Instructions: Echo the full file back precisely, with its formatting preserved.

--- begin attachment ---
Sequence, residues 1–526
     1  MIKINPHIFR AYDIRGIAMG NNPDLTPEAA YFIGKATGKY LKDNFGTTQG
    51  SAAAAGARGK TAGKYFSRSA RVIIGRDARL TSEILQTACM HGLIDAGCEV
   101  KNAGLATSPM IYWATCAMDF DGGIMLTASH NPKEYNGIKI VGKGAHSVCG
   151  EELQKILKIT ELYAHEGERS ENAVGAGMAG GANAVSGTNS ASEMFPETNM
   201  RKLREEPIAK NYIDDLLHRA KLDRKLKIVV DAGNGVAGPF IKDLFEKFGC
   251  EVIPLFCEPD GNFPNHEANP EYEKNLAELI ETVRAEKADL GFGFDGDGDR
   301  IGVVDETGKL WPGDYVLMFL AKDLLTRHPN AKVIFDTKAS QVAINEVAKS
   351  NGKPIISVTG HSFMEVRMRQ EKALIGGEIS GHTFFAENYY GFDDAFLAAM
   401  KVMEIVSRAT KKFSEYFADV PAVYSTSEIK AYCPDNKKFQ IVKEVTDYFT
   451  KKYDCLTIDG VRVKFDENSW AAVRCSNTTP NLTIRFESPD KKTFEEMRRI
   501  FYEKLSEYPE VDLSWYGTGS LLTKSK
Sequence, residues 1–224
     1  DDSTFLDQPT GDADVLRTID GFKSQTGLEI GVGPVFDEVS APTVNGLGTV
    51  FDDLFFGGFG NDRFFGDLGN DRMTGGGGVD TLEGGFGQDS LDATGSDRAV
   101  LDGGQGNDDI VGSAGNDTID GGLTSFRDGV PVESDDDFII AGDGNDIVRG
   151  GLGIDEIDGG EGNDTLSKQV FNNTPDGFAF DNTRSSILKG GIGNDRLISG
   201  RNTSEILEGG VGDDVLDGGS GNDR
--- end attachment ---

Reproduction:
Sequence, residues 1–526
     1  MIKINPHIFR AYDIRGIAMG NNPDLTPEAA YFIGKATGKY LKDNFGTTQG
    51  SAAAAGARGK TAGKYFSRSA RVIIGRDARL TSEILQTACM HGLIDAGCEV
   101  KNAGLATSPM IYWATCAMDF DGGIMLTASH NPKEYNGIKI VGKGAHSVCG
   151  EELQKILKIT ELYAHEGERS ENAVGAGMAG GANAVSGTNS ASEMFPETNM
   201  RKLREEPIAK NYIDDLLHRA KLDRKLKIVV DAGNGVAGPF IKDLFEKFGC
   251  EVIPLFCEPD GNFPNHEANP EYEKNLAELI ETVRAEKADL GFGFDGDGDR
   301  IGVVDETGKL WPGDYVLMFL AKDLLTRHPN AKVIFDTKAS QVAINEVAKS
   351  NGKPIISVTG HSFMEVRMRQ EKALIGGEIS GHTFFAENYY GFDDAFLAAM
   401  KVMEIVSRAT KKFSEYFADV PAVYSTSEIK AYCPDNKKFQ IVKEVTDYFT
   451  KKYDCLTIDG VRVKFDENSW AAVRCSNTTP NLTIRFESPD KKTFEEMRRI
   501  FYEKLSEYPE VDLSWYGTGS LLTKSK
Sequence, residues 1–224
     1  DDSTFLDQPT GDADVLRTID GFKSQTGLEI GVGPVFDEVS APTVNGLGTV
    51  FDDLFFGGFG NDRFFGDLGN DRMTGGGGVD TLEGGFGQDS LDATGSDRAV
   101  LDGGQGNDDI VGSAGNDTID GGLTSFRDGV PVESDDDFII AGDGNDIVRG
   151  GLGIDEIDGG EGNDTLSKQV FNNTPDGFAF DNTRSSILKG GIGNDRLISG
   201  RNTSEILEGG VGDDVLDGGS GNDR